Knead your fondant, a lot. Keep kneading until it feels silky and smooth. Your hands should warm it up and make it pliable. The more you knead it the better your fondant covering experience will go. If your fondant feels dry and stiff, keep kneading. There should be a little stretch. Once it’s warmed up you can start rolling it out.

SuppliesDust your mat with powdered sugar and place your flattened ball of fondant in the center of the mat. I usually squish it out a little into the shape I want, a circle or a square. Dust the top a little with powdered sugar then start rolling. Keep rolling and rolling. Work the fondant into the shape you want. Rotate your pin, rotate the fondant. If it gets too oval or rectangular don’t be afraid to stretch back into the shape you want with your hands. Covering your cake will be easier if you can keep your fondant in a shape relatively similar to your cake. Keep checking the thickness. Give a little more muscle to the parts that are thicker. It can be tempting to use a thick a slab of fondant on your cake in the excitement of covering your cake, but be patient. A thick slab isn’t going to taste good and can squish your cake down creating slouching and puckering after an hour or so. Go thin. Shoot for about ¼” or less for a typical cake, but a little on the thicker side of that for a shaped cake to allow for stretching.

Now that you are at your desired thickness and size you are ready to cover. How big should it be? The height of your cake x 2, plus the width of the top. Then add a couple inches to allow for fidgeting and fussing.

You want to do the next steps in one, uninterrupted step. Don’t answer the phone, don’t stop for a snack. The fondant is already drying and getting a skin and if you walk away it will wrinkle and tear when you try to do anything with it, then you get to start all over.

Move your iced cake over next to your fondant slab. There are many way and tricks to picking up fondant. I don’t use them. I just pick it up like a pizzeria guy. Do it quick, yet gentle, and keep the fondant moving and you shouldn’t get any tears. If you stand around thinking with it draped over your fingers, yes, it will get deformed, but why are you just standing there? Place your fondant over the cake. There should be a little moisture left in the frosting to make it stick. If you think you are going to take more than 15 minutes to roll out your fondant covering your cake wouldn’t be a bad idea.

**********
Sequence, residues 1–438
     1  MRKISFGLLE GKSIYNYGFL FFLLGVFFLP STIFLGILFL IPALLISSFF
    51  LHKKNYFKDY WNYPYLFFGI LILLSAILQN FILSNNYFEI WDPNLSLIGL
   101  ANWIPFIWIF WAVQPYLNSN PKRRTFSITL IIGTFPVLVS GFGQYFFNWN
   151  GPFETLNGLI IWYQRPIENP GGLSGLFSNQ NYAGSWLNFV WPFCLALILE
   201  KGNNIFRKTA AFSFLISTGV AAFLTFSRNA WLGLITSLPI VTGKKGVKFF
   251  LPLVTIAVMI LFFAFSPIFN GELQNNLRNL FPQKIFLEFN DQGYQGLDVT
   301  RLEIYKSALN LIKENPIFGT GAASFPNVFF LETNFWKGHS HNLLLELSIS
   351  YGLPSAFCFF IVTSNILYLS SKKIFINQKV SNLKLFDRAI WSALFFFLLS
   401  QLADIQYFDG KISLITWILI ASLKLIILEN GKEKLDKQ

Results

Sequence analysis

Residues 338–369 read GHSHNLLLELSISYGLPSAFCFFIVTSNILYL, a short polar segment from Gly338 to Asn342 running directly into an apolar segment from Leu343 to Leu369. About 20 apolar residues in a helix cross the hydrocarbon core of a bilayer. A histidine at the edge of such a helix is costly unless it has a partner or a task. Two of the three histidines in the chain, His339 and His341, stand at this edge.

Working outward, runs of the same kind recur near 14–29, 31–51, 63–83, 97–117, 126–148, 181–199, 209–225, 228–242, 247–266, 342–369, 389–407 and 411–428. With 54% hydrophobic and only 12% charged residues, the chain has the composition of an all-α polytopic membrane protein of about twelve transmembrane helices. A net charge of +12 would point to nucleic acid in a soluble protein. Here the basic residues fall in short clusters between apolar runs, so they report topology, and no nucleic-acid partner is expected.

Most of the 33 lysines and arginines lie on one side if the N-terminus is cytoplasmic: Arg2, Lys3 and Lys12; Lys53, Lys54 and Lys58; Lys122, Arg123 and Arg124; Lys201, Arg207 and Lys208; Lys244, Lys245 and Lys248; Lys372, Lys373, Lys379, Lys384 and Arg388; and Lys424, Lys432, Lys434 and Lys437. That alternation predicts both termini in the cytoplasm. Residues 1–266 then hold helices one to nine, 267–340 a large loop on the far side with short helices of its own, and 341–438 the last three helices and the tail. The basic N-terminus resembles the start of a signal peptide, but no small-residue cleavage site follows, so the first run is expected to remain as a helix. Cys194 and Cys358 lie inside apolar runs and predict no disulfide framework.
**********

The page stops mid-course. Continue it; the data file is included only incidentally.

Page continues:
Lay your fondant across the top, let the sides drape down. Use your hand to smooth out the fondant from the middle to the outside. Then use your smoothing tool to briskly rub the surface. Apply pressure, just enough to work out any air bubbles. Try to work from the middle to the outside to move out any bubbles. Work quickly; your sides are starting to firm up.

Now for the tricky part, the sides. You need to start smoothing the fondant to the frosting. Work in small areas, going in a circle around your cake. You Using Fondant Icingdon’t need to stick it all at once. Imagine there are horizontal lines on your cake, about an 1 or so apart, just work from the top imaginary ring down to the next. By the time you get to the bottom half you’ll need to gently tug and stretch at the fondant to avoid the folds and pleats. Keep moving, keep working at it, and keep being patient. Smooth as you go to avoid air bubbles.

Once you have your cake covered you can trim the excess off from around the bottom with your pizza cutter. Now pick up your smoother again and start rubbing all over. At this point you are trying to polish the fondant up. Rub out any ripples, move any air bubbles down and out. If you have any stubborn bubbles you can poke a small hole with a thin pin and let the air out. This will leave a hole, but sometimes it’s worth the trade off on stubborn bubbles.

Congratulations! You did it! You have a smooth fondant cake. Have fun dressing it up from this point. You can paint it, stick fondant to it, and quilt it. And don’t forget the important part, you can eat it.

Amanda
Coborn’s Cake Decorator
Sartell, MN – Pine Cone Road

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www.cobornsblog.com - The Art of Cakes with Amanda